It was raining the day I was born. I remember this, I swear.
Water thrummed at the hospital window from a grey sky and made me drowsy. Alive not yet an hour and already, all I wanted was sleep. A nurse placed me, all seven pounds, four ounces of me, on my mother’s chest and Mom said in a croaky, tired version of the voice I would come to know; “Welcome to the world, Stephen Elijah Warren.”
And the rain rushed the glass.
Seven years later, a heatwave broke with a downpour, a trillion drops of water hushing the scorched sidewalk. I went for a walk in the downpour. No raincoat, no umbrella. Just me in jeans, sneakers and a cotton shirt, feeling like the raindrops that pelted me had fallen with the express purpose of soaking me. They wanted to break on me, run along my skin. And I spun, and stomped in puddles and sang, “La! La! La!” until my mother grabbed me and yanked me by the wrist back to the house.
“Look at you! Look at you!” Her words came fast and low, as if she were talking to herself. She was rubbing me down roughly with a thick towel, fresh with the scent of Tide. I was horrified that she had made me strip down so she could dry me off. “What the hell were you doing?”
“I’m sorry, mom. It reminded me of when I was born.”
That got her to stop, at least for a moment. “What was that?”
“Remember? When I was born? And it was raining outside, like this?”
“How could you possibly remember the day you were born?”
“I just do.”
“You’re eyes weren’t open yet. Besides, it was sunny.”
“It couldn’t be. Maybe, like, it was sunny in the morning, but after I was born, it was raining?”
“You mean you brought the rain?” A small note of mirth slipped into her rattled voice. “With your cloudy disposition?”
"I don’t know. I like rain.”
Really I loved the rain. Walking in a deluge, I had no worries. I didn’t have to look out for the big kids on my block, the ones that were almost teenagers. I had wanted to be their friend, but they made me pretend to be their pet cow as an initiation, then refused to hang out with me anyway. I had to walk around on all fours, eat grass and say, “Moo.” And when I stood up and said, “Now can I play with you?” Allen Teague, the leader of the group said, “Oops. You stood up before I said you could. You blew it. See ya later.”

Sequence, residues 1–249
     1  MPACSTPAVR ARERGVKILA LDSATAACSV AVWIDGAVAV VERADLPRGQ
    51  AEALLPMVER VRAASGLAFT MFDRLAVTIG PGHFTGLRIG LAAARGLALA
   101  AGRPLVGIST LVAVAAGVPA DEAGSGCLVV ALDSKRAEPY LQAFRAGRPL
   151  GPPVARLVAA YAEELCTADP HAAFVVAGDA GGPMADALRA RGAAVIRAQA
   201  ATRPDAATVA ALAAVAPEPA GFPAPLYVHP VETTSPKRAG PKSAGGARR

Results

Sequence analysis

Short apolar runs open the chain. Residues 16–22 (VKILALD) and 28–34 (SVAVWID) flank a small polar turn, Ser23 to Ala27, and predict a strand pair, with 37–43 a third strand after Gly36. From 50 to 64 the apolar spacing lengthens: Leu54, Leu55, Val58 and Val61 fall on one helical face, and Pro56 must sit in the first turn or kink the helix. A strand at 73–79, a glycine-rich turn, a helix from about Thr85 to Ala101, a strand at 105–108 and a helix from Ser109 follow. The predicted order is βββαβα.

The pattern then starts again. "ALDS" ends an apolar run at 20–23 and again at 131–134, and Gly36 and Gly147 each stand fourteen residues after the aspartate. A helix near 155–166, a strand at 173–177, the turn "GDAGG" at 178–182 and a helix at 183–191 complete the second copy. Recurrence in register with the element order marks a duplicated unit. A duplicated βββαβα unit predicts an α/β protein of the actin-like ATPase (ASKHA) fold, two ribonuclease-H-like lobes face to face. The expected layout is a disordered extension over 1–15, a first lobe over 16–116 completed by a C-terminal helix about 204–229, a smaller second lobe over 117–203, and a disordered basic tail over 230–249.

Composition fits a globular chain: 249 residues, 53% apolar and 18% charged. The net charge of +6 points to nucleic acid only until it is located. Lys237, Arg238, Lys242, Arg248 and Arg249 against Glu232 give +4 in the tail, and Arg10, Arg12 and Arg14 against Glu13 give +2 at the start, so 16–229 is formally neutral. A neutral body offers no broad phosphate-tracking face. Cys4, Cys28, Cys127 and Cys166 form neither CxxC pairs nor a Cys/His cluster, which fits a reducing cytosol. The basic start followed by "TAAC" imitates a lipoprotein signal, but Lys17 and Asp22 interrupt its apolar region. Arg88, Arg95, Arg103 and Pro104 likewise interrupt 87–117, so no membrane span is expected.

Now they always found ways to push me or get in my way. But when it was raining, the world was mine.
“It was sunny,” Mom said, bringing my attention back. She got back to drying me off, though by then, I was as dry as I was going to get; “Do you think I would forget anything about that day?”
“But we danced. In the rain.” My own comment surprised even me. I only remembered the dancing just then, and only vaguely. I wasn’t sure how it could have been true. But I was sure that it was.
Mom didn’t bother to respond to me directly. She muttered to herself, something about being unable to put up with my nonsense.
I tried to get my father on my side at dinner that night.
“Dad. It was raining the day I was born, right?”
But he only said, “I’d go with your mother on this.”
“Stevie,” my mother said. “Stop being silly.”
The day she left, sun shone on the maroon Toyota she packed up to go away, making the car difficult to look at.
“He couldn’t even come help,” my father said bitterly.
“He thought there might be a scene,” my mother said. “He was right, wasn’t he?”
When she bent down to touch my face, I could feel my father bristle, even though he stood behind me. I remember that sense, that perception of the bristling, even more than I remember the touch of my mother’s fingers.
“Be my good little Stevie.” And she left me there, crying.
After she left, Dad took me to do more things. Ball games, sailing lessons, a local arts-and-crafts fair. I smiled a lot, and he smiled back, but each of us was doing it more for the other than for ourselves. After a couple of weeks, though, the smiles became easier. They were real again.